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Common-mode rejection of 60 cycle power line interference in medical instrumentation which measures difference potentials on the body is a fundamental problem. Power-line interference may exceed the level of the signal being measured. This bad news is often cancelled by the fact that the interfacing signal appears equally intense at both input terminals of the diff amp, and is therefore called a common-mode signal.

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If the diff amp is not perfectly balanced, as is always the case in the real world, then the common-mode signal input will cause an output signal that then constitutes interference with the desired amplified signal. Since one of the functions of the diff amp is to reject the common-mode signal, we define a figure of merit, the common-mode rejection ratio (CMRR), which measures how well the rejection occurs.

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The common-mode rejection ratio CMRR is defined as the magnitude of the ratio of the differential voltage gain A d to the common-mode voltage gain A c.

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A d equals V OUT divided by V 1 when node 2 is grounded, and V 1 is applied to node 1. Also, A C equals V OUT divided by V 1 when node 1 is connected to node 2, and V 1 is applied again.

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In practice the CMRR is measured in the following steps: 1.Ground V 2, and apply a voltage V 1 to the upper terminal. 2.Measure the resulting V OUT. 3.Lift V 2 from ground and short the two input leads, then apply the same value of V1. 4.Measure the resulting V OUT. 5.To compute CMRR, divide the results of step 2 by the result of step 4, and take the magnitude.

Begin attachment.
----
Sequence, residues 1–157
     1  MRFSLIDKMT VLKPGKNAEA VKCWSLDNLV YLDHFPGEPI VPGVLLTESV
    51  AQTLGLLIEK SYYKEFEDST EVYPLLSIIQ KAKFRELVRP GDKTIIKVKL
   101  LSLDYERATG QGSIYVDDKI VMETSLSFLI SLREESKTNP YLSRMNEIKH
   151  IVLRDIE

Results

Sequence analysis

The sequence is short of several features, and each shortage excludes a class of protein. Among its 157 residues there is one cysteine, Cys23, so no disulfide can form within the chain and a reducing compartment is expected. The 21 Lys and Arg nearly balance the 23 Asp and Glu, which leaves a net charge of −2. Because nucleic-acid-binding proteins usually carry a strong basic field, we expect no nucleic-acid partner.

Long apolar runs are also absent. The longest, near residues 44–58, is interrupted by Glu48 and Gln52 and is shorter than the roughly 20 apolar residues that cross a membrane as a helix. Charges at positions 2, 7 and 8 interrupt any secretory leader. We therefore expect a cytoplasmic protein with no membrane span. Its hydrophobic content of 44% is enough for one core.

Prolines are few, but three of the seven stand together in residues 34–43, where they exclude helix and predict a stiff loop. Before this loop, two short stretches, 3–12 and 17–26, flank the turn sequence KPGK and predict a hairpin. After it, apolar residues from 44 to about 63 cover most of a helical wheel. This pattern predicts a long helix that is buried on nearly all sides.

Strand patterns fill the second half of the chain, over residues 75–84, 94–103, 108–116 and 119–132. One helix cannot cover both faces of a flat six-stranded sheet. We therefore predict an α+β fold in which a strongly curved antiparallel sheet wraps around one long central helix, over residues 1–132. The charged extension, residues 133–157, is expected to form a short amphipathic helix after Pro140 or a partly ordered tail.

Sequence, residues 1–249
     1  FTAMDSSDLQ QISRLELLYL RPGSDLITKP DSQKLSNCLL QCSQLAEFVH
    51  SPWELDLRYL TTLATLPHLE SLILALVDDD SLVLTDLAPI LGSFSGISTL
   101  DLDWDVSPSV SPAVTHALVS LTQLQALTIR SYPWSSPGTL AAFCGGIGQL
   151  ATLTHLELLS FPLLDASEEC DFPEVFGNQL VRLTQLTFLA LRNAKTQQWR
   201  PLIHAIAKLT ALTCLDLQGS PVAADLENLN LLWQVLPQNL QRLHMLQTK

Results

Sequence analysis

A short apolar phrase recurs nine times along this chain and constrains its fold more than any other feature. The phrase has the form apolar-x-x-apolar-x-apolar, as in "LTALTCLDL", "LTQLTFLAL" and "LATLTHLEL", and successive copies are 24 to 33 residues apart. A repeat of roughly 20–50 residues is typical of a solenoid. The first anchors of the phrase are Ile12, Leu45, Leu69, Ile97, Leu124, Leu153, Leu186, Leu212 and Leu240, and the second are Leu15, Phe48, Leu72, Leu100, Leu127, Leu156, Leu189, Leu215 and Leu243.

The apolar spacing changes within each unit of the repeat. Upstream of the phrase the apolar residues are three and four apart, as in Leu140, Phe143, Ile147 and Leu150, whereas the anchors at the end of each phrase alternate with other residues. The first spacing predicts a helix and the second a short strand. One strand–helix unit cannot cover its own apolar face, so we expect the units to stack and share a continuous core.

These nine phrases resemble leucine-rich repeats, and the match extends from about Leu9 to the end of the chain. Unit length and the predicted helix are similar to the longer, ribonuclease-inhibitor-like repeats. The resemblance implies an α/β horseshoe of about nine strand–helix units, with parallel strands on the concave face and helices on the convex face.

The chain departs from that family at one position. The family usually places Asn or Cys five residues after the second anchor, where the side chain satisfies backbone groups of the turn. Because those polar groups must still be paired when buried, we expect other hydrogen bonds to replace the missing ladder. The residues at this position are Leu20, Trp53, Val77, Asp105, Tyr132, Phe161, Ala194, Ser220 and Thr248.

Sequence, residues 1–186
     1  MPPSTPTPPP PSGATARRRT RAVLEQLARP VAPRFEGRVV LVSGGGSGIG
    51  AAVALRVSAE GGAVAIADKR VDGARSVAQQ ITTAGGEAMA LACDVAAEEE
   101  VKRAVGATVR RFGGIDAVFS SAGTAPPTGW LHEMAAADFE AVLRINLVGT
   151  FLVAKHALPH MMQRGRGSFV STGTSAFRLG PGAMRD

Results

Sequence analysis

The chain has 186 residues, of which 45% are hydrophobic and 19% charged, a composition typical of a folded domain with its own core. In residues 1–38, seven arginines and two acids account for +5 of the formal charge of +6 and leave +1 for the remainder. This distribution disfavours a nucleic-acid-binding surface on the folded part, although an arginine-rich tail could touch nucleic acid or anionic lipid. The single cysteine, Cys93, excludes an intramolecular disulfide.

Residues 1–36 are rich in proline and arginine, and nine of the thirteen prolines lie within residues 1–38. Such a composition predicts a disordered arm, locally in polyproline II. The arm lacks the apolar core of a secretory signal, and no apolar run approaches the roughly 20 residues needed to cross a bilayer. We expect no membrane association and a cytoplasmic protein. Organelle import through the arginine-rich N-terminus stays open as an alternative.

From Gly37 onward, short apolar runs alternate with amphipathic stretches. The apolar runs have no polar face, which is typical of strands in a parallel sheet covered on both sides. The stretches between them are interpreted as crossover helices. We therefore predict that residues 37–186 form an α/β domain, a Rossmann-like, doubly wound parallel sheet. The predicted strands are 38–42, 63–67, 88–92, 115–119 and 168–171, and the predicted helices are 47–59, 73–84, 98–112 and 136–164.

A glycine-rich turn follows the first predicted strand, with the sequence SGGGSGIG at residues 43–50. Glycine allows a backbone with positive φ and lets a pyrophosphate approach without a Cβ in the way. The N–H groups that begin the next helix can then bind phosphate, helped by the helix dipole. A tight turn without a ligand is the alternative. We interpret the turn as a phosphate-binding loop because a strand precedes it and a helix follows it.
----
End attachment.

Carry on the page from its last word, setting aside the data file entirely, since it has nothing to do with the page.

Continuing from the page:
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The CMRR is a voltage ratio, and therefore in decibel units we may define CMRR db as

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Common-Mode Voltage The simplest way to apply equal voltages is to wire inputs together and connect them to the voltage source.

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For such a connection, the input voltage is called the common-mode input voltage, E CM.

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Now V o will be 0 if the resistor ratios are equal (mR to R for the inverting amplifier gain equals mR to R of the voltage- divider network.)

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Practically, the resistor ratios are equalized by installing a potentiometer in series with one resistor.

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The potentiometer is trimmed until V o is reduced to a negligible value. This causes the common-mode voltage gain, V o /E CM to approach 0. It is this characteristic of a differential amplifier that allows a small signal voltage to be picked out of a larger noise voltage.

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It may be possible to arrange the circuit so that the larger undesired signal is the common-mode input voltage and the small signal is the differential input voltage. Then the differential amplifier’s output voltage will contain only an amplified version of the differential input voltage.